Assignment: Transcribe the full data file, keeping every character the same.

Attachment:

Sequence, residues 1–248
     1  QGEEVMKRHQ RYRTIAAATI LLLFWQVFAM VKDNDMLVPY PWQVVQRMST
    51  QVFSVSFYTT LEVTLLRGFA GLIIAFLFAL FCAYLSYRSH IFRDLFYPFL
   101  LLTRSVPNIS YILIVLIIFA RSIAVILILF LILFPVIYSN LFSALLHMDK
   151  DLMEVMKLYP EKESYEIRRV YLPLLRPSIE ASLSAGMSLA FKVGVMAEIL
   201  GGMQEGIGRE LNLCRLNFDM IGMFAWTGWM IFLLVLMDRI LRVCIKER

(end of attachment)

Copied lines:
Sequence, residues 1–248
     1  QGEEVMKRHQ RYRTIAAATI LLLFWQVFAM VKDNDMLVPY PWQVVQRMST
    51  QVFSVSFYTT LEVTLLRGFA GLIIAFLFAL FCAYLSYRSH IFRDLFYPFL
   101  LLTRSVPNIS YILIVLIIFA RSIAVILILF LILFPVIYSN LFSALLHMDK
   151  DLMEVMKLYP EKESYEIRRV YLPLLRPSIE ASLSAGMSLA FKVGVMAEIL
   201  GGMQEGIGRE LNLCRLNFDM IGMFAWTGWM IFLLVLMDRI LRVCIKER